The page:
He's had relations, with girls from many nations... but Billy Bragg seems to like us Aussies as much or even more than any of the others, writes Pádraig Collins.

He certainly likes playing here, as his joyful two-hour Sydney show - the first of a three-night run - showed over and over again.

As the sad news of Johnny Cash's death filtered through the crowd, it eventually made its way on stage. Bragg responded by playing the chorus of The Who's Pinball Wizard as if it were a Cash song. It was an odd, but also oddly appropriate, tribute.

Bragg has been re-inventing his back catalogue at live shows for a few years now and this was no different. If this was your first time hearing the changed styles it might have sounded something ranging from strange to sacrilege, but I'd heard them before and they sound even better second time around.

Sexuality has become almost a reggae song; Greetings To The New Brunette, previously remade as a power pop song with Johnny Marr on guitar, now has a slower tempo, perhaps more suited to its lyrics of frustration.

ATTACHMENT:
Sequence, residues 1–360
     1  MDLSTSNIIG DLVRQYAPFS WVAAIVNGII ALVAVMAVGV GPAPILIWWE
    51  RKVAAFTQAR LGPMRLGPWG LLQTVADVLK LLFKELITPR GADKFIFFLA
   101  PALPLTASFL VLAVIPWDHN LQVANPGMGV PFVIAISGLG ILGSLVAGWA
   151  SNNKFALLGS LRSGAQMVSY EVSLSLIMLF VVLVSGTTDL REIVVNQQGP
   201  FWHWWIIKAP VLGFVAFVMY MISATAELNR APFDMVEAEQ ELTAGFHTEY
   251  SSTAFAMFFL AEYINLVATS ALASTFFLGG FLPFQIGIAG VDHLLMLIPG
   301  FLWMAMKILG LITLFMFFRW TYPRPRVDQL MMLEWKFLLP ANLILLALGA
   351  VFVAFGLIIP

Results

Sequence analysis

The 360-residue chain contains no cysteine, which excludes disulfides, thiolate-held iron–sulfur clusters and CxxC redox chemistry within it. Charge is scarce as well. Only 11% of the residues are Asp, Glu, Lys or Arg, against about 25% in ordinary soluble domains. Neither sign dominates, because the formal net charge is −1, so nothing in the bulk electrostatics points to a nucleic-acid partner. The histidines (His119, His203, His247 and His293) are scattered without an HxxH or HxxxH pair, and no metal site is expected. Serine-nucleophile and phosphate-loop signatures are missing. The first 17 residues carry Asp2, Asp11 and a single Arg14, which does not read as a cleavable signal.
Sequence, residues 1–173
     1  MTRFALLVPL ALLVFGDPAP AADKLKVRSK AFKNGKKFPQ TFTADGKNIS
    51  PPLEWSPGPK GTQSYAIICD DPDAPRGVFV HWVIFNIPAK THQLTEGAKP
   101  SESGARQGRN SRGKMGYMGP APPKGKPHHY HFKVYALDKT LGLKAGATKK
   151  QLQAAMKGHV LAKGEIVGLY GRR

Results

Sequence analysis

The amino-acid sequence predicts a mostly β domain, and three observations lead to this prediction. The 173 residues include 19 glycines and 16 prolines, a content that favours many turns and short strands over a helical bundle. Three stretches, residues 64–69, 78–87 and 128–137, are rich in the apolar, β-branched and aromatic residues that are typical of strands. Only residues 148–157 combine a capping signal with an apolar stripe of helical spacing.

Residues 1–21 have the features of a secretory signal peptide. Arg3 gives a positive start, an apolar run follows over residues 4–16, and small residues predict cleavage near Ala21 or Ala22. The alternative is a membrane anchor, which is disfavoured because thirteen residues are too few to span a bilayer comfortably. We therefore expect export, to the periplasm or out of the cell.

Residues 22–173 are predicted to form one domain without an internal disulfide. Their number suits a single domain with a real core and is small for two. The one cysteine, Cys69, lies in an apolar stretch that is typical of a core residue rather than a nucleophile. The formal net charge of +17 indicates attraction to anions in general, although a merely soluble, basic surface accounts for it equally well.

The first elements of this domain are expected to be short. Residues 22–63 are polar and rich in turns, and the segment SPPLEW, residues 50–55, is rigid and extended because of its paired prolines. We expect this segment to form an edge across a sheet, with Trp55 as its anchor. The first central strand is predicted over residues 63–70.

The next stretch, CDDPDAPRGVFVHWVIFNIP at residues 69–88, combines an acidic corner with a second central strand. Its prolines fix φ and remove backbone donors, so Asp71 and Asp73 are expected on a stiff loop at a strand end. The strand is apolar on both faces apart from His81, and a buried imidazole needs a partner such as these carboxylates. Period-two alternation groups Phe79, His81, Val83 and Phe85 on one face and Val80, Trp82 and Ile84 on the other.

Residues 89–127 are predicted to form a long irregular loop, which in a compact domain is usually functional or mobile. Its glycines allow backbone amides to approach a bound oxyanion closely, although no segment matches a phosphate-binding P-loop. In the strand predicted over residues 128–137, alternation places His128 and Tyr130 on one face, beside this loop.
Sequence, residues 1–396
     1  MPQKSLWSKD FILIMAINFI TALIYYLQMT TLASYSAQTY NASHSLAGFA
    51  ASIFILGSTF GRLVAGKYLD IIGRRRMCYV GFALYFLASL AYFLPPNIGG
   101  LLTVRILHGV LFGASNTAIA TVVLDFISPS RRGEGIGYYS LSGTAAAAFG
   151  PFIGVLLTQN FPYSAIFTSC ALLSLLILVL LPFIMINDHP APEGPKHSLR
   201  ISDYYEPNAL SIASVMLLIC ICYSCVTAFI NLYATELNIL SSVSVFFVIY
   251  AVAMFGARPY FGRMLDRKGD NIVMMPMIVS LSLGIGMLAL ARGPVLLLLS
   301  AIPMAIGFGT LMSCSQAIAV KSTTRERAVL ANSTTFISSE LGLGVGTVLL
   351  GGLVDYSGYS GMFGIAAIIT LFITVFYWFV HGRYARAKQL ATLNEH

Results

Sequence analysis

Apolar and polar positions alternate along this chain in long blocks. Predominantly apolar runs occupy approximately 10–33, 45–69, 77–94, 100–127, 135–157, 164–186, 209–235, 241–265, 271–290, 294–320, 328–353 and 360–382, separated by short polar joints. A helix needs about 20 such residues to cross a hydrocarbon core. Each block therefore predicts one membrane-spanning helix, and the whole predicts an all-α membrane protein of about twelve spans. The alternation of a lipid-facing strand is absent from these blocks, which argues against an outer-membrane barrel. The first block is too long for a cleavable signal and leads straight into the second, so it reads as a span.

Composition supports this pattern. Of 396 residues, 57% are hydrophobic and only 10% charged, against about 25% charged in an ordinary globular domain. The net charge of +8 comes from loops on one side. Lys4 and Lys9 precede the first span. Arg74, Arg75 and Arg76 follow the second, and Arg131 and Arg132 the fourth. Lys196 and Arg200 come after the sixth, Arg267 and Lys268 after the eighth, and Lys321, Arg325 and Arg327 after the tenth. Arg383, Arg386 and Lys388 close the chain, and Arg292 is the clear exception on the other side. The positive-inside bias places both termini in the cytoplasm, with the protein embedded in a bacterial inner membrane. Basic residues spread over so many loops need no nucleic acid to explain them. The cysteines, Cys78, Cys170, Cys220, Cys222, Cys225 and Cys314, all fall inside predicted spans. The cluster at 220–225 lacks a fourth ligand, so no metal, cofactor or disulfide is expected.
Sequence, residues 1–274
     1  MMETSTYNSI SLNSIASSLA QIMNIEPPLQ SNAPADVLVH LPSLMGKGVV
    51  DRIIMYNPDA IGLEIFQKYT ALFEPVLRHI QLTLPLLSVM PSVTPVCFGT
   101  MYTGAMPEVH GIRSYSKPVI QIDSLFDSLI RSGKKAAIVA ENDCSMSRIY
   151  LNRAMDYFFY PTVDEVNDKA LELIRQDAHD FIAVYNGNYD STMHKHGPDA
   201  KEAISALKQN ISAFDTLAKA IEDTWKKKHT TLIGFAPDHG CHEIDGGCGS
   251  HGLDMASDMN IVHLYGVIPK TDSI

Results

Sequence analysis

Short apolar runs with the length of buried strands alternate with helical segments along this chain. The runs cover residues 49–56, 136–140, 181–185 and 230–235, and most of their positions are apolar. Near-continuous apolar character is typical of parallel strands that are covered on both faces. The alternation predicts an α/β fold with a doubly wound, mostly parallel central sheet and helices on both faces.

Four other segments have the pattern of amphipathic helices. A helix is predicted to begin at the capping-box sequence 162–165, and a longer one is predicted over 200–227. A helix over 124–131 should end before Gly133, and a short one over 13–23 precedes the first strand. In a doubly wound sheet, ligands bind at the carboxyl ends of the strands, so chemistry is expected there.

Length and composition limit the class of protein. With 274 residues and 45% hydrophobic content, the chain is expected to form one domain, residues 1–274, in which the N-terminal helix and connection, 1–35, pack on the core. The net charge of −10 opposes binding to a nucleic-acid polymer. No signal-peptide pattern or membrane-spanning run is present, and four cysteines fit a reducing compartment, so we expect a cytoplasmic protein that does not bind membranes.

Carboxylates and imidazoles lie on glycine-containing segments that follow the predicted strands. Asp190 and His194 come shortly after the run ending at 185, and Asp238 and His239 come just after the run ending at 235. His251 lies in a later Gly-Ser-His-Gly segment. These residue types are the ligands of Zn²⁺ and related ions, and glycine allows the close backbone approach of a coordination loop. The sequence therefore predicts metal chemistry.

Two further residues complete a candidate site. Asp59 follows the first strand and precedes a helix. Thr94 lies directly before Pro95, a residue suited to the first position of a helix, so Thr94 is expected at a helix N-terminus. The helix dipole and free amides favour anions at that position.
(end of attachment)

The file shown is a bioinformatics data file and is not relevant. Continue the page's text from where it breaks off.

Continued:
At times some of the arrangements were very much in the Van Morrison soul power mode, a trick that is hard to pull off but worked here thanks to his fine five-piece band, The Blokes. Standout bloke is organist Ian McLagan, formerly of The Small Faces and The Faces (if only his cohort in the latter, Rod Stewart, had aged with one-hundredth as much dignity).

Of the songs from Bragg's two albums of unfinished Woodie Guthrie songs that were played, the sublime Way Over Yonder In The Minor Key was the standout but the reborn African vibe of She Came Along To Me ran it close.

The first encore saw Bragg returning to his one-man-and-his-guitar persona. To the delight of the crowd he dug deep into his back catalogue for The Man in The Iron Mask, The Saturday Boy and A Lover Sings.

He was funny - especially in talking about fatherhood; he was political - Blair/Bush/Howard got a lashing; but most importantly of all, he did justice to his many great songs.

Billy Bragg & The Blokes

Metro Theatre, Sydney, September 12